I regularly come across people in our database who have two or more Libronix accounts. There are several reasons this could happen. Some pastors have two accounts: (1) a personal Libronix account that belongs to them and (2) a church Libronix account that belongs to the church and will stay with the church when they leave. In situations like these, the two accounts have to stay separate since they belong to two different parties.
But often a single owner will have two or more accounts. Most of the time this happens when an existing user installs a new collection for Libronix on a new computer and creates a new account instead of entering his old one. Perhaps he can’t remember what his Libronix Customer ID is and doesn’t know how to locate it, or maybe he doesn’t know that products created by third party publishers, like the Theological Journal Library, can be seamlessly integrated with all of his Logos Bible Software. As a result, his Libronix digital library is spread across two licenses and two computers.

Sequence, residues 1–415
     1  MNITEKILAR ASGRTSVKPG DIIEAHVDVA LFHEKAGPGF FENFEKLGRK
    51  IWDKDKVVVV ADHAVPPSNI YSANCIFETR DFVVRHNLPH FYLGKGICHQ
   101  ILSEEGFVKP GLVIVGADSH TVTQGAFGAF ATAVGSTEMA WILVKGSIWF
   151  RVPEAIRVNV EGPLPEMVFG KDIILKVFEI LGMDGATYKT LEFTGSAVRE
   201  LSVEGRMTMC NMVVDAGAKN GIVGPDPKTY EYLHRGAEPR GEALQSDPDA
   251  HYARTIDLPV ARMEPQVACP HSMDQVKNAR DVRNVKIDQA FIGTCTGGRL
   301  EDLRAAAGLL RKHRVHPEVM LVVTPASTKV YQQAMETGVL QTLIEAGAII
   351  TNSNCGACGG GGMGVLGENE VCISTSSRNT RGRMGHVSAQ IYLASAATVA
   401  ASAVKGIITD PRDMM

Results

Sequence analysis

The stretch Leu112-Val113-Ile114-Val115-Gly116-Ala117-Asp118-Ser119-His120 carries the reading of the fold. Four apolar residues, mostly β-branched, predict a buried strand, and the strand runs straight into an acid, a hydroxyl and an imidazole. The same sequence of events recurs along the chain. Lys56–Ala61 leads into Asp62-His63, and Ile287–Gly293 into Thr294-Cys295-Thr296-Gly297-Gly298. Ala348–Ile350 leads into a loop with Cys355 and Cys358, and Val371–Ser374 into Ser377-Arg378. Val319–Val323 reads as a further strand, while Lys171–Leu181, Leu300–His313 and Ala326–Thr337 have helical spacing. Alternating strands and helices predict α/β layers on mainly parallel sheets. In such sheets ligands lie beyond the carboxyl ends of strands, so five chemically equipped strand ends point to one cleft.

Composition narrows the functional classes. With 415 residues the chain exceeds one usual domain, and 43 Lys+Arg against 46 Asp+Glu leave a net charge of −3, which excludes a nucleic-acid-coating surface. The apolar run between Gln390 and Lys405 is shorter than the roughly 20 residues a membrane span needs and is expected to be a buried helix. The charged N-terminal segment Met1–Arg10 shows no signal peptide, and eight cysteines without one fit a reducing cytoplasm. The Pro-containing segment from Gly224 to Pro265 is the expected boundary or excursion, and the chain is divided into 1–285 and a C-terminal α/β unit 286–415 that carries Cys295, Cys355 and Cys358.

One of the benefits to the Libronix Digital Library System is that you can add books and collections from a number of different publishers right into a single, integrated platform. Unintentionally setting up multiple accounts defeats the purpose of a unified library. If you have accidentally created multiple accounts and don’t have access to all of your books on the same license, please contact our customer service department by phone (800-875-6467) or by email (email@example.com). They would be happy to merge your accounts into a single one so you can take advantage of the benefits of having everything searchable and accessible in one place.
Update: Please don’t contact customer service unless you (1) know that you have more than one Libronix account (and shouldn’t) or (2) are pretty sure you might have more than one account because not all of your books are showing up as unlocked even after synchronizing your licenses several times. I realize it would be nice to find out that you have two licenses and didn’t even know it, but that is probably not the case. :)